A Balanced Approach to 21st Century Learning

Kimberly Hulbert October 14, 2019
Critics of contemporary education complain that school systems no longer meet the needs of the 21st century. One of their biggest criticisms is that the paradigm needs to change from teacher-directed instruction to student-centered instruction. Think deeper and it reveals that the demands of this century require not just the rise of progressive reform but a refitting of the roles of teachers and students. A balanced approach where each plays an active role in innovation, engagement, and invention. Student-centered learning: Friday’s Class defines student-centered learning as learning where “the focus is shifted from the teacher to the students.” Student centered learning methods include active learning, cooperative learning, and inductive teaching and learning. The student is the most important component of the equation, on all levels.”  Teacher-centered learning: While it’s difficult in today’s materials to find a definition that speaks to a positive perspective, a definition from EduGAINS, a website for Ontario schools, comes closest: “explicitly teaching [mathematical] rules, concepts, principles, and problem-solving strategies. This often includes modeling a variety of examples and guiding students during their review and practice.”  While teacher-directed instruction has recently enjoyed a stronghold on many school systems, progressive education with its core of student-centered learning got its start in the 16th century with John Amos Comenius in Moravia, “the proper education of the young does not consist in stuffing their minds with a mass of words, sentences, and ideas; but in opening their understanding to the outer world.” In the centuries that followed, other like-minded educational philosophers such as Rousseau, Froebel, and Pestalozzi addressed the issue of the essential intent of education: to fill each child’s mind with facts, concepts, and rules or to create an environment where each child explores, constructs meaning, and actively participates in the learning experience.  The 20th century see-sawed between the two, moving from the progressive philosophies of educators such as Dewey, Freire, and Pratt to the more bureaucratic ideology of using education to drive uniformity of thinking and a strong industrial economy. The 21st-century requirements for life and career are restoring and expanding the tenets of progressive education.  Innovation, research, communication, integration of disciplines, collaboration, and technical savvy all rank higher than fitting in and passively acquiring data. These depend on higher order critical and creative thinking skills.  
A Balanced Approach for the 21st Century
In fact, today’s education goals require a balance of teacher- and student-centered learning — with each role doing its part. According to ISTE’s standards for educators, a teacher now must integrate the roles of Learner, Leader, Citizen, Collaborator, Designer, Facilitator, and Analyst. And its standards for students require integration of the roles of Empowered Learner, Digital Citizen, Knowledge Constructor, Innovative Designer, Computational Thinker, Creative Communicator, and Global Collaborator. In this complex, fast-paced century of disruption, a strong partnership between teacher and student is critical.  In this balanced approach, there is no need to choose between teacher- and student-centered education. For example, Friday’s Class offers a perspective that shows the relationship between the two approaches: “… higher-order skills are more important than the basic skills, but these higher-order skills cannot be achieved without the former. More advanced learning builds on basic learning, and one cannot reverse the order.” A  balanced approach allows the teacher to act as a facilitator to guide students to acquisition and development of basic skills and it allows students to choose to learn these through a variety of modalities, constructing a hierarchy of skills and strategies that support higher order thinking.  References EduGAINS. Professional Learning Guide: Teacher-Directed Instruction. Retrieved at http://www.edugains.ca/resourcesMath/CE/ClassroomPractices/CPRM_ProfessionalLearningGuides/TeacherDirectedInstruction.pdf Friday’s Class. Pro’s & Con’s [of Student Centered Learning]. Retrieved at: https://fridaysclass.weebly.com/pros–cons.html ISTE Standards for Educators. Retrieved at: https://www.iste.org/standards/for-educators ISTE Standards for Students. Retrieved at: https://www.iste.org/standards/for-students Kaput, Krista. (2018). Evidence for Student-Centered Learning. Retrieved at: https://files.eric.ed.gov/fulltext/ED581111.pdf Wabisabi Learning. (2018). How to Move Your Classroom toward Student-Centered Learning. Retrieved at:https://www.wabisabilearning.com/blog/student-centered-learning Friday’s Class. Pro’s & Con’s [of Student Centered Learning]. Retrieved at: https://fridaysclass.weebly.com/pros–cons.html Room 241 blog. (2012, updated 2017) Which is Best? Teacher-Centered or Student-Centered Education? Retrieved at: https://education.cu-portland.edu/blog/classroom-resources/which-is-best-teacher-centered-or-student-centered-education/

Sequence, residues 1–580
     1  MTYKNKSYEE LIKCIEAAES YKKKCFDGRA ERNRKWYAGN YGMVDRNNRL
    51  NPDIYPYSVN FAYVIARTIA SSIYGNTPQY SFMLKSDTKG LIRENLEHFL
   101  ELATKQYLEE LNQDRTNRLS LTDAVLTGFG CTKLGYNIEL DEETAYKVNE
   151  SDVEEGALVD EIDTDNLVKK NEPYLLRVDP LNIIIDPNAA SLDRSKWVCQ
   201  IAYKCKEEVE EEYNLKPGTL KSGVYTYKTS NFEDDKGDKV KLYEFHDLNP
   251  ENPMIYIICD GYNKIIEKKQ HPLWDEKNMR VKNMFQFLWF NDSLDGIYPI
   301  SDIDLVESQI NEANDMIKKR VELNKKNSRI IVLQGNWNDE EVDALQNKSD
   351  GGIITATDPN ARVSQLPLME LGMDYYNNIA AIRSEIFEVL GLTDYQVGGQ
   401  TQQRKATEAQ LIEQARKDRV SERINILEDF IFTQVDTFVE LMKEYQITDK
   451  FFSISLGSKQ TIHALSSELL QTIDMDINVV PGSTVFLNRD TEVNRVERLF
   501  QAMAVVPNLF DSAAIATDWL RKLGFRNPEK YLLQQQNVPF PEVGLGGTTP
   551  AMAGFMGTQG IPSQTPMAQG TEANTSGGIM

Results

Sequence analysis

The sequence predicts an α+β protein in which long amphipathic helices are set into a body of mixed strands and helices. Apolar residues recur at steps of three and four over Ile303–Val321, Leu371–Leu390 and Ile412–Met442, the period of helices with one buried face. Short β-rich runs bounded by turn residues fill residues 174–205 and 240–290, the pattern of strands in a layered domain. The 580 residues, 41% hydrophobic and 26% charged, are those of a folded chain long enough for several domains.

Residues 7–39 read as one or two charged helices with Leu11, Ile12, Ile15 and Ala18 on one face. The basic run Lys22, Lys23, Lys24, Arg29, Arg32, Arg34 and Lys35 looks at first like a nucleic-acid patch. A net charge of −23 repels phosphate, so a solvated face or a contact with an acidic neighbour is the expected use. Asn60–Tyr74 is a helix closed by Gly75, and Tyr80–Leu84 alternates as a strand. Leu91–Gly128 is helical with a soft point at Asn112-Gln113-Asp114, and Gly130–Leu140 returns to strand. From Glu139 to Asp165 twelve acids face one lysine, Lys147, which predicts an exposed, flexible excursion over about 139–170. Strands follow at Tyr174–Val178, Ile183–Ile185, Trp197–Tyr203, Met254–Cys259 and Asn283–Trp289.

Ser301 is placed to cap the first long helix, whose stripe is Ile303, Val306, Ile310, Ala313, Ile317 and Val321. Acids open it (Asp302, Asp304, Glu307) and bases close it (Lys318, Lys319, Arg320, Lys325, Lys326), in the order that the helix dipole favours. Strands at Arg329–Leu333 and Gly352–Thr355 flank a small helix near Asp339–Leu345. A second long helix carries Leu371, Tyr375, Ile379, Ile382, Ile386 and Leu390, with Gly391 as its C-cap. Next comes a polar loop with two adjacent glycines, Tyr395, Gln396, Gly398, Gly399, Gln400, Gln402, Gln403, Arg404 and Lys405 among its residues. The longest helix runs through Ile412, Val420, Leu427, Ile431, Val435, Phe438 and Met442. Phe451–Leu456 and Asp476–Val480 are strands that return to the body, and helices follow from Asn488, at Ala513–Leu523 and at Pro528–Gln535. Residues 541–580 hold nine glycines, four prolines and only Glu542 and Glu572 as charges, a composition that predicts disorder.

Kimberly Hulbert

Kimberly is a seasoned business development professional with expertise in the K-12 educational technology sector, with experience in both large corporate and smaller start-up settings.